In response to this cost of living crisis, the Opposition have revived their old faithful trickle-down economics, floating tax cuts, cuts to spending, cuts to workers’ and renters’ and beneficiaries’ rights—straight out of the 1980s tax book—playbook, rather. These aren’t solutions; they are once again declaring a war on the poor, which is why I implore the other side of the House, Labour, to stop playing by this tired neoliberal playbook.
On what the economy is for,
We hear a lot about the economy, but we don’t tend to hear a lot about what the economy actually is. We’re told that we’ve got to sacrifice for this economy to get our economy back on track. That basic, boring story neglects that the economy is all of us—our relationships with each other, the things that we create, our planet and its resources, the time we spend at work, unpaid labour—such as parenting, Mr Simeon Brown—the skills that we learn, the problems that we have, and the ways that we decide to fix them. It’s about how we work together to achieve our communities’ and our country’s goals and aspirations. It is supposed to serve us, not the other way around.
The late, great Jeanette Fitzsimons said in her 2006 state of the planet speech, “If the task of government is to promote the well-being of all people, how could it do that? I suggest to you that it has everything to do with offering a vision for a better way of life rather than more growth; it has to do with inclusiveness, with justice, and with protecting our commons—our common environment and resources, our common culture, our public health and our education systems.” Jeanette’s challenge was to question what we call the economy. What are our goals and who do they serve? What is economic growth really working towards? Is it protecting our planet? Is it protecting all of our people?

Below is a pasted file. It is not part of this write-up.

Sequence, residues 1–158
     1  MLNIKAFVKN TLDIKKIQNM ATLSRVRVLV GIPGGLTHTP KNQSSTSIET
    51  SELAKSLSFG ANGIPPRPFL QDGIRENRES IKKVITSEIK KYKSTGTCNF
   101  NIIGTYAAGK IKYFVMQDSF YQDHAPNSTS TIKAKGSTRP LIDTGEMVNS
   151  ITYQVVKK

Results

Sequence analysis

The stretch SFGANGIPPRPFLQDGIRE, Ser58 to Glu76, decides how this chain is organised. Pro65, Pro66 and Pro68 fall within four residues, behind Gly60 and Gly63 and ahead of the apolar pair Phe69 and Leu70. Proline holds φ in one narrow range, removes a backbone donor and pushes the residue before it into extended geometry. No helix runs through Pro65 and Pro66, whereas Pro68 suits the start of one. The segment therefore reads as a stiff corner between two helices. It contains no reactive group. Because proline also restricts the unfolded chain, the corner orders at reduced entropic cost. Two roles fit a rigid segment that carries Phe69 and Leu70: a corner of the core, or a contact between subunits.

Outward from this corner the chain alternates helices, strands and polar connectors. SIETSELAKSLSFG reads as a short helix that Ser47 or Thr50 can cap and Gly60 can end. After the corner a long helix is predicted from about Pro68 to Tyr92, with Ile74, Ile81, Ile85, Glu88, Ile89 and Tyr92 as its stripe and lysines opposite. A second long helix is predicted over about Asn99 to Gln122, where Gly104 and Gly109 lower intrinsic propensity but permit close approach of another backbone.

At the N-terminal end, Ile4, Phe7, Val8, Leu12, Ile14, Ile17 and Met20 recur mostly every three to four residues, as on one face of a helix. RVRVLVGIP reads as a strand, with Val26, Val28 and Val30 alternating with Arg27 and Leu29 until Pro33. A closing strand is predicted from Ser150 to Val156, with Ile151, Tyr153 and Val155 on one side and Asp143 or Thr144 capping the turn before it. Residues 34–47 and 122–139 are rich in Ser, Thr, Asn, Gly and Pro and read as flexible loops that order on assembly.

Swarbrick ends with this,
Past leaders have, as Paul Hawken said, “stolen the future, sold in the present, and called it GDP”. Nearly 100 years ago, in the wake of traumatic world wars, this Parliament decided to do something radical. It built the social safety net. In the subsequent decades, we have seen successive Governments at their worst tear holes out of that, and, at their best, only make minor repairs.
This Budget must be a Budget for an economy that serves both people and the planet. We cannot afford anything less because people and the planet are, frankly, exhausted and we’re organising.